AKC News // World economy close to turning point, says Trichet

The global economy is close to a turning point, European Central Bank (ECB) president Jean-Claude Trichet said yesterday, as the Organisation for Economic Co-operation and Development (OECD) published data showing that the pace of decline is now easing.

But the Irish economy is unlikely to show any significant “signs of life” until at least the end of next year, with the rate of unemployment set to continue rising, economists warned.

New unemployment data from the OECD shows that Ireland had the second-highest rate of unemployment among OECD nations in March, after Spain.

By contrast, the OECD said there were “tentative signs of, at least, a pause” in the economic slowdown in the UK, France and Italy. These countries, along with China, have now reached a “possible trough”.

The OECD’s composite leading indicators (CLIs) decreased by just 0.1 per cent in March, although they are still down 9.5 points year-on-year.

Speaking at a meeting of central bankers in Basle, Switzerland, Mr Trichet said policymakers were seeing the first “encouraging” signs of a recovery.

“As far as growth is concerned, we’re around the inflection point in the cycle, that’s the sentiment,” Mr Trichet said.

But he added that it was “no time for complacency”. Central banks would have to “do what is necessary in terms of extraordinary measures, as long as necessary” before scaling back their support for the economy once global growth starts to pick up, he said.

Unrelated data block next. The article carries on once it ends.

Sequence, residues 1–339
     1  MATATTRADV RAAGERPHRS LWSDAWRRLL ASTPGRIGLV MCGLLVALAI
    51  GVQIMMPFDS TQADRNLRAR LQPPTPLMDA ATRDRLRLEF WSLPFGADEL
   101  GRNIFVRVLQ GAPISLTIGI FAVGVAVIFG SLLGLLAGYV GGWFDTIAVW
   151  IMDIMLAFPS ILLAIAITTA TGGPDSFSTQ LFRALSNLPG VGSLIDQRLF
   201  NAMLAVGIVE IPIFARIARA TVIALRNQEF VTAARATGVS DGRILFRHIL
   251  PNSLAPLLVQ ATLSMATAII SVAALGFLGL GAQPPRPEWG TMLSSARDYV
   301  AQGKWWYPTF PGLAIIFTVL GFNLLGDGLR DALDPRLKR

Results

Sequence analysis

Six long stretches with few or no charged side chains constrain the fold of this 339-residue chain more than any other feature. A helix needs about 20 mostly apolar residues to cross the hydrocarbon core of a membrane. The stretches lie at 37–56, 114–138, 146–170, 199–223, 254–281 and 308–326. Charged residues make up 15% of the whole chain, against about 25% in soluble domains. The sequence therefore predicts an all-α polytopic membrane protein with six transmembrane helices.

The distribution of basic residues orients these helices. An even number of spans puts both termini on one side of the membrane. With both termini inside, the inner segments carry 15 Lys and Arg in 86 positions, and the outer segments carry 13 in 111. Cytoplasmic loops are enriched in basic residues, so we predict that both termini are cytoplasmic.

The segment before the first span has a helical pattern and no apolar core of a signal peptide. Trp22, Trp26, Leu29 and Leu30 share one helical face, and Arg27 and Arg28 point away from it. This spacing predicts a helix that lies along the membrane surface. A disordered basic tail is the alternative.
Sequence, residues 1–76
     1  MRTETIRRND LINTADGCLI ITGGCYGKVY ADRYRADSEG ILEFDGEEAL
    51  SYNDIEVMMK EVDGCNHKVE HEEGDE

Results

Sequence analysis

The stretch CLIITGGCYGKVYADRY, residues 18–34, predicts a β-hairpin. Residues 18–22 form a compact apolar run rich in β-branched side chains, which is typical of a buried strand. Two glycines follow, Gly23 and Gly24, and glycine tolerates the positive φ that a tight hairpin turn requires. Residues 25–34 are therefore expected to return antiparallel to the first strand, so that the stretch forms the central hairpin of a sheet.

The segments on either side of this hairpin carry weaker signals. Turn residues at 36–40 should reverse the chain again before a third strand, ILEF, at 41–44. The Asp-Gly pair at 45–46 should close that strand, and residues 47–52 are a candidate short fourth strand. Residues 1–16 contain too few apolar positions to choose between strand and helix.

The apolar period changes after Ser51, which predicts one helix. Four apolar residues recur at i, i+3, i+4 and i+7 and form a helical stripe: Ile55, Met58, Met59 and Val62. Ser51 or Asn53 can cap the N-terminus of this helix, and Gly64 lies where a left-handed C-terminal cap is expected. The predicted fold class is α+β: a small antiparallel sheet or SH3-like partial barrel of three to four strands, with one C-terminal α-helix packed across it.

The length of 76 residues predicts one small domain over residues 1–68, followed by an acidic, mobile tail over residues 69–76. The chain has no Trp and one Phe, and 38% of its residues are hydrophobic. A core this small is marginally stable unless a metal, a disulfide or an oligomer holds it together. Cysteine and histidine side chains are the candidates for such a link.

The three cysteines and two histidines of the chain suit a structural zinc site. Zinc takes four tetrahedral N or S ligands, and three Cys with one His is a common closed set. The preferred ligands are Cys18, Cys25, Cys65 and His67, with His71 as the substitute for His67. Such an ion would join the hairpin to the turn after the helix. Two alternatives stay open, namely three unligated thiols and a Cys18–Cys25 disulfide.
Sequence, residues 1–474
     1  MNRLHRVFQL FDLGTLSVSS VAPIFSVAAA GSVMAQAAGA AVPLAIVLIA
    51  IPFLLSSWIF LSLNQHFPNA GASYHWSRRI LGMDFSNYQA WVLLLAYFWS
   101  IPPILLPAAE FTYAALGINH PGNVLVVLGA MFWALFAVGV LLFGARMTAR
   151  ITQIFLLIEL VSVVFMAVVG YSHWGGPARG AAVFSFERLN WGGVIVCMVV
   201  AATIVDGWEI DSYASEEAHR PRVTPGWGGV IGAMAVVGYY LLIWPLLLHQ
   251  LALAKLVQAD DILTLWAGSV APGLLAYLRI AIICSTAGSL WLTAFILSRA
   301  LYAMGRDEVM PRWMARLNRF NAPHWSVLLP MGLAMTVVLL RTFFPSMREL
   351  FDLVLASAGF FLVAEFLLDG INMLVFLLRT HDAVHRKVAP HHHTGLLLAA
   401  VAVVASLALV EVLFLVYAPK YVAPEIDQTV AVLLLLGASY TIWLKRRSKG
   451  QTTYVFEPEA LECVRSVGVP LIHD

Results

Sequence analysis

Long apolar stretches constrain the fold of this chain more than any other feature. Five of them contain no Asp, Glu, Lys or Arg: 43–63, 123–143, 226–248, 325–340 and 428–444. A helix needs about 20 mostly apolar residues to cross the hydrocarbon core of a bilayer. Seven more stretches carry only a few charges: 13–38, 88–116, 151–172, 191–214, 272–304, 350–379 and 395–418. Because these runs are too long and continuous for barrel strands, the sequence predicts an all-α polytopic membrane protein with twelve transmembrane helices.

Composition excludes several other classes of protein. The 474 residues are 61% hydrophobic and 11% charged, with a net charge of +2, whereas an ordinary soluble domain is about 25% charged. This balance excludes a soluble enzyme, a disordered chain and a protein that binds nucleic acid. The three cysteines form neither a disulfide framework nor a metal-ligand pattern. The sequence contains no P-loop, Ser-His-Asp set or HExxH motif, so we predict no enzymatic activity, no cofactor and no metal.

“Insistence is put on the exit strategy, on the medium-term path that permits us to go back to a normal situation, a sound and sustainable situation,” he said.

The ECB last week cut its key interest rate to 1 per cent, a record low, and announced it would buy €60 billion of covered bank bonds as it steps up its efforts to revive lending.

The US Federal Reserve and the Bank of England have adopted major asset purchase programmes, a strategy known as quantitative easing, in a bid to kick-start their economies.

The comments by Mr Trichet and statement by the OECD have renewed hopes that the global recession could be “V-shaped”, with a swift recovery, rather than a more prolonged “U-shaped” downturn or an extended “L-shaped” depression in which economic activity plummets and then remains in a trough for an extended period.

But recovery in the Irish economy is unlikely to occur until at least the end of 2010, as it will lag any recovery in Europe, which in turn will lag the recovery in the US, Goodbody economist Dermot O’Leary said yesterday.

“The signs of life are more believable in the US than in Europe. I think Europe is still sick,” he said.

Central banks would have be careful not to withdraw support for credit markets at the wrong time, as occurred in Japan in the early 1990s, he warned.

“In Japan, they saw glimmers of hope and they reversed their policies, only to find it was a false dawn, and so the economy contracted again,” he said. “That’s what central bankers have to be careful about.”

Source: The Irish Times

Date : 12-05-2009